Lost Highway

Those who wrote off David Lynch after Blue Velvet and Twin Peaks aren't likely to restore the wizard of odd to trendy favor on the basis of Lost Highway – the first Lynch film in five years. The story, concocted by Lynch and co-writer Barry Gifford (Wild at Heart), concerns jazz musician Fred Madison (Bill Pullman), who morphs into hunk mechanic Pete Dayton (Balthazar Getty) after Fred is put in prison for killing his raven-haired wife, Renee (Patricia Arquette).

What the hell? When Arquette shows up at Pete's garage as a bottled blonde named Alice who is ready to dump her gangster boyfriend, Mr. Eddy (Robert Loggia), for a roll in the hay with Pete, you may feel as dazed as Pete does. Lost Highway doesn't keep the real world on the brink of chaos in the way that Blue Velvet did. It's all chaos, with the flashes of hallucinatory brilliance that redeem any Lynch film. When Mr. Eddy gets out of his car to lecture and beat up a tail-gater ("Do you know how many fuckin' car lengths it takes to stop a car at 35 miles per hour?"), the film is already high on its own surreal fumes.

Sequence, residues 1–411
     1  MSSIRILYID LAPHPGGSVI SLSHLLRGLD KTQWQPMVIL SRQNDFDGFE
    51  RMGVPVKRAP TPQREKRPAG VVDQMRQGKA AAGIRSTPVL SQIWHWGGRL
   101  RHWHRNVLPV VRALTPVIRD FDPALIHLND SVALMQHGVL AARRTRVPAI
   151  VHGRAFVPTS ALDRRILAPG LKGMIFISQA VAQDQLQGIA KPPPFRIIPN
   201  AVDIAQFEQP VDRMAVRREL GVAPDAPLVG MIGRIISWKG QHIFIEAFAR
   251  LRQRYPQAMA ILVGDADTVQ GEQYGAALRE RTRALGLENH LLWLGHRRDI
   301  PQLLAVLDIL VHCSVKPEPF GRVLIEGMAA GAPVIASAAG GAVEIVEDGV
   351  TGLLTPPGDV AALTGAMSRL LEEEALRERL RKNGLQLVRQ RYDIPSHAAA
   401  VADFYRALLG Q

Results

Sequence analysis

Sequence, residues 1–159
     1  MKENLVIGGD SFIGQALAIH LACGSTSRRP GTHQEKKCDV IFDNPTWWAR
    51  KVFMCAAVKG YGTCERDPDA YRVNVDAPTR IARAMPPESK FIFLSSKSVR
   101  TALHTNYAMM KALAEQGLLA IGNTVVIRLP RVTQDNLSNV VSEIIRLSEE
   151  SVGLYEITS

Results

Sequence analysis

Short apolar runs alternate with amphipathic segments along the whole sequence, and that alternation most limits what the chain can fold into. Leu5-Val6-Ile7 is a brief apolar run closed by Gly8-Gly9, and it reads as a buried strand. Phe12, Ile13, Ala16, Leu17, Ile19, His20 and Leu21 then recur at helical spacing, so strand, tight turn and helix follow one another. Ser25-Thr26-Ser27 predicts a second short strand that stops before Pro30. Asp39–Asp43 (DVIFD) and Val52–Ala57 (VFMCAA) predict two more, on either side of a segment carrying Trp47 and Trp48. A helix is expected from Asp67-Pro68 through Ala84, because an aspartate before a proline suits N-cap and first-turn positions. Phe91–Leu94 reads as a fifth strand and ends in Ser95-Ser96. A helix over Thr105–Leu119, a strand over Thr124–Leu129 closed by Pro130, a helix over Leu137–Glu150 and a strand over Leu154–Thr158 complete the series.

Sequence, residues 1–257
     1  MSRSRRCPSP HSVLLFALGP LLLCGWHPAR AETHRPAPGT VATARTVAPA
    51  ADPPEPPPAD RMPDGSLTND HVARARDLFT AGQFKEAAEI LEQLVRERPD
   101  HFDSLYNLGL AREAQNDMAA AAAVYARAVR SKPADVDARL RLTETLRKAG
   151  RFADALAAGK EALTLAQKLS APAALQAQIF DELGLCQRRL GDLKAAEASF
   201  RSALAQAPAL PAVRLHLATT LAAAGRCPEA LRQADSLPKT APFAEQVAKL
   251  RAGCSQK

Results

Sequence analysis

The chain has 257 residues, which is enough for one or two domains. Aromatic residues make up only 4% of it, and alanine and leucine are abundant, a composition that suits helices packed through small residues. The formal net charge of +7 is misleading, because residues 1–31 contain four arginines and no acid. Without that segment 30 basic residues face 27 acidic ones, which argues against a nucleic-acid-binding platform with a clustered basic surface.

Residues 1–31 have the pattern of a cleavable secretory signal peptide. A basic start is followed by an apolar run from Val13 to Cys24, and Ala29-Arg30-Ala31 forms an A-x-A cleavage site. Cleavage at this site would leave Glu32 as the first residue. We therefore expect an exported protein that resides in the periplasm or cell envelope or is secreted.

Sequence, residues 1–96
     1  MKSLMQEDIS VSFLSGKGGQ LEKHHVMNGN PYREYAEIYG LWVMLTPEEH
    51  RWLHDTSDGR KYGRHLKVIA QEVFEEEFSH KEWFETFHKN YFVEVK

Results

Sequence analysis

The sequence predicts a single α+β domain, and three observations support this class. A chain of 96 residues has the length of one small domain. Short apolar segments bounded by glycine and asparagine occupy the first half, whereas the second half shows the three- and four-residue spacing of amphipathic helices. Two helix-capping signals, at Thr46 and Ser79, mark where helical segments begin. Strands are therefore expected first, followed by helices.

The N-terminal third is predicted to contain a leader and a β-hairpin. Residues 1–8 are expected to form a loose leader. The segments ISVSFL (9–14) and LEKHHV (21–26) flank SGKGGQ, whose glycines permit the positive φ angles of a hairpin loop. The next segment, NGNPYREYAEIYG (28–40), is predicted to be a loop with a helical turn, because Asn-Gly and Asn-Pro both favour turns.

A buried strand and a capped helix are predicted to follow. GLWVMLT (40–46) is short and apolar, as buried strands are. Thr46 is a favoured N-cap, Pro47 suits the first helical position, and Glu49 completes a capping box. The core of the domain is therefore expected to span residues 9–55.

Lost Highway, stunningly shot by Peter Deming, finds most of its fun in detours. Loggia's hood is matched in madness by Robert Blake's freaky Mystery Man, who makes a call in one house and answers the ring in another. Lynch parodies every film noir from Double Indemnity to The Devil Thumbs a Ride and gets himself a double dose of temptress in Arquette, who gives off enough comeon carnality to singe the screen. No wonder Fred wants to re-create himself to take another crack at this babe. Hilarious, hypnotic and sizzlingly erotic, Lost Highway is low on logic, but Lynch's zonked, visionary magic makes it fly.

From The Archives Issue 755: March 6, 1997